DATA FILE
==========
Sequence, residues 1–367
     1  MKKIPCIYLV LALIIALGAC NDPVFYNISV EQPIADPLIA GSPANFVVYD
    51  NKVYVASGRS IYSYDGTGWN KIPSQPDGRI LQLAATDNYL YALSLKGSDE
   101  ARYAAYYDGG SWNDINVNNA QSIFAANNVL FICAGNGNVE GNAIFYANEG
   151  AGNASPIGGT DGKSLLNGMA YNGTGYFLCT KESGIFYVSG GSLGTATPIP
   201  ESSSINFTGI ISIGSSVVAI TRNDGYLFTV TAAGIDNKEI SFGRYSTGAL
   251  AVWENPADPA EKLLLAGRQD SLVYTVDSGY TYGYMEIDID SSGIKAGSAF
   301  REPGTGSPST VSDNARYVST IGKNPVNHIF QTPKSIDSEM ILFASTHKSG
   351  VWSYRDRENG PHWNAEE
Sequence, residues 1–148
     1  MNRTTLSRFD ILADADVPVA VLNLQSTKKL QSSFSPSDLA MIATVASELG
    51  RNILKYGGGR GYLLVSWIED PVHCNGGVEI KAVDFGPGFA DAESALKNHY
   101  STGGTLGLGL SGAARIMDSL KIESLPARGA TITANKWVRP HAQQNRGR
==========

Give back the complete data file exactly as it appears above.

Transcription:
Sequence, residues 1–367
     1  MKKIPCIYLV LALIIALGAC NDPVFYNISV EQPIADPLIA GSPANFVVYD
    51  NKVYVASGRS IYSYDGTGWN KIPSQPDGRI LQLAATDNYL YALSLKGSDE
   101  ARYAAYYDGG SWNDINVNNA QSIFAANNVL FICAGNGNVE GNAIFYANEG
   151  AGNASPIGGT DGKSLLNGMA YNGTGYFLCT KESGIFYVSG GSLGTATPIP
   201  ESSSINFTGI ISIGSSVVAI TRNDGYLFTV TAAGIDNKEI SFGRYSTGAL
   251  AVWENPADPA EKLLLAGRQD SLVYTVDSGY TYGYMEIDID SSGIKAGSAF
   301  REPGTGSPST VSDNARYVST IGKNPVNHIF QTPKSIDSEM ILFASTHKSG
   351  VWSYRDRENG PHWNAEE
Sequence, residues 1–148
     1  MNRTTLSRFD ILADADVPVA VLNLQSTKKL QSSFSPSDLA MIATVASELG
    51  RNILKYGGGR GYLLVSWIED PVHCNGGVEI KAVDFGPGFA DAESALKNHY
   101  STGGTLGLGL SGAARIMDSL KIESLPARGA TITANKWVRP HAQQNRGR